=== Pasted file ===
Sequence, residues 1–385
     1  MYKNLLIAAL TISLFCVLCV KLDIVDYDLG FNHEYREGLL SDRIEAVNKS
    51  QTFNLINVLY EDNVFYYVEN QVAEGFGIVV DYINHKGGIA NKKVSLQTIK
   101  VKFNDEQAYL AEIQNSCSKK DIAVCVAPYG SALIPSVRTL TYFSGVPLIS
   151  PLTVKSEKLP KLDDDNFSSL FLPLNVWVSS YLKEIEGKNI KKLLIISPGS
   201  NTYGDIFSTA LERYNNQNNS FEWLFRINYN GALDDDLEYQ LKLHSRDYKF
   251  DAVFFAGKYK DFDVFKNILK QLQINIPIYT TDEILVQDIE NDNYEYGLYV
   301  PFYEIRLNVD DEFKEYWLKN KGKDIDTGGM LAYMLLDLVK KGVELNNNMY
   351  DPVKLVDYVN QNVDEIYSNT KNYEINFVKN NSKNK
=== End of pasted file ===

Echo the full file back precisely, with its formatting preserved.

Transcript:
Sequence, residues 1–385
     1  MYKNLLIAAL TISLFCVLCV KLDIVDYDLG FNHEYREGLL SDRIEAVNKS
    51  QTFNLINVLY EDNVFYYVEN QVAEGFGIVV DYINHKGGIA NKKVSLQTIK
   101  VKFNDEQAYL AEIQNSCSKK DIAVCVAPYG SALIPSVRTL TYFSGVPLIS
   151  PLTVKSEKLP KLDDDNFSSL FLPLNVWVSS YLKEIEGKNI KKLLIISPGS
   201  NTYGDIFSTA LERYNNQNNS FEWLFRINYN GALDDDLEYQ LKLHSRDYKF
   251  DAVFFAGKYK DFDVFKNILK QLQINIPIYT TDEILVQDIE NDNYEYGLYV
   301  PFYEIRLNVD DEFKEYWLKN KGKDIDTGGM LAYMLLDLVK KGVELNNNMY
   351  DPVKLVDYVN QNVDEIYSNT KNYEINFVKN NSKNK